Mikael Karlsson, mobile marketing manager for Volvo, shocked the audience at the 2012 Apps World conference when he described augmented reality as an overhyped marketing gimmick. Commenting that it could be “a great installation within retail stores” but is currently just a technically limited pipe dream. AR is a heavily discussed topic at the moment. Here at FORA, Dave Rodgerson touched upon the potential for AR within the store. And while Karlsson is correct that limited Internet connectivity and device functionality can hinder AR technology, what’s more often missing is correct context and that all-important incentive to purchase.
Despite predictions of consumers downloading more than 2.5 billion AR apps per year by 2017, a recent eBay study found that only a quarter of retailers plan to introduce AR within the next two years. Brands and retailers have a real opportunity to explore and gauge the potential applications that suit both the brand and the customer. So, how are retailers utilizing this technology to take it beyond an overhyped digital fad?
A consumer-need-driven implementation of augmented reality can provide a purposeful connection between physical and online shopping, as seen by global pure-play fashion retailer ASOS. In partnership with AR image-recognition technology company Aurasma, recipients of the brand’s monthly magazine can now use the ASOS Scan to Shop app to access additional video content, product information and to instantly click through to the mobile webpage to purchase, simply by using their smartphone camera to view specific pages.
Similarly, a clever AR campaign recently enabled Chinese retailer Yihaodian to open more than 1,000 transactional store locations in a single day, the only catch being that they were invisible to the naked eye. The location-based 3D renderings of shops were digitally anchored at iconic and otherwise unreachable locations throughout China, allowing for purchases with home delivery while walking along the Great Wall of China.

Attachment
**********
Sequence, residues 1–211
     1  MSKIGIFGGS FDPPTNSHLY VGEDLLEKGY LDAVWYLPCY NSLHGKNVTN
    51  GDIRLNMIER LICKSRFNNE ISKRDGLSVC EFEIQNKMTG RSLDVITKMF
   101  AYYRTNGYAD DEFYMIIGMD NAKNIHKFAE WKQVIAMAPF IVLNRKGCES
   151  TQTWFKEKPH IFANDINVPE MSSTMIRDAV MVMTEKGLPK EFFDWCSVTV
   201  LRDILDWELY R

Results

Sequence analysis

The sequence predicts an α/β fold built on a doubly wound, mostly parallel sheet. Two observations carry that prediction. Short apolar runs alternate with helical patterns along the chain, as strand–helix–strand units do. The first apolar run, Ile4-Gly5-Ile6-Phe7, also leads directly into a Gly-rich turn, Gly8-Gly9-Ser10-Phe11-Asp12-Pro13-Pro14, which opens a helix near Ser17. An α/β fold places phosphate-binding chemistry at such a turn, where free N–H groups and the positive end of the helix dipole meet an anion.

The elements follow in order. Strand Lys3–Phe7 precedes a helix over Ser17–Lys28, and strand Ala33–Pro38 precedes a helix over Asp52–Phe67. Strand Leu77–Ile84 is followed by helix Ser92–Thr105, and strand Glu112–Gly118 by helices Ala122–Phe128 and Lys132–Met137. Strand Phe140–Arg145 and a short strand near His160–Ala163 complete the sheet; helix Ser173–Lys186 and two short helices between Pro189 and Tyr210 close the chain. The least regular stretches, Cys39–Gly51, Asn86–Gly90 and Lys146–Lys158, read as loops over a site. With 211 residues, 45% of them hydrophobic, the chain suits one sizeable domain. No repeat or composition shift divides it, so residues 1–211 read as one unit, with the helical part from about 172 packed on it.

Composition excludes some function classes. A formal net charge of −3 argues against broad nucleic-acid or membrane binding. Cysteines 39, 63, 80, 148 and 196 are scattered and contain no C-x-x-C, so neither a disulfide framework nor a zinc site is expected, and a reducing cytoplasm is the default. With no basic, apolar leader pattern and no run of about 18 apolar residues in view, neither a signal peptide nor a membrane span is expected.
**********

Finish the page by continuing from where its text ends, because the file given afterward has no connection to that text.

Karlsson is correct that AR can be used to enhance the retail environment, but the crucial element is to offer an incentive to make this worthwhile. In the U.S., Walmart has been driving footfall into stores since late year using AR, partnering with entertainment media companies such as Rovio, the games designers behind Angry Birds as well as Marvel comics. The collaborations turned the stores into integrated online and in-store gaming experiences, offering exclusive characters and levels which could only be unlocked using POS in store.
In East Asia, augmented reality coupon platform iButterfly is turning digital vouchers into store discount gameplay. Established since 2010, brands such as Adidas and The Bodyshop have created collectible virtual butterflies, viewable only through the iButterfly app and GPS tagged to the stores. Customers sighting a butterfly on screen can capture it using a flick of the phone. Each butterfly design holds a unique offer to be redeemed in-store.
So AR can be fantastic method to animate and incentivize purchases and create experiential location-driven experiences. Yes, most examples currently come with the added chore of an app to download, but until we can wear our technology on our sleeves there is no reason why retailers cannot create functional, innovative and monetary augmented reality experiences.
Gemma T Ball researches and writes about design, culture and consumer trends.
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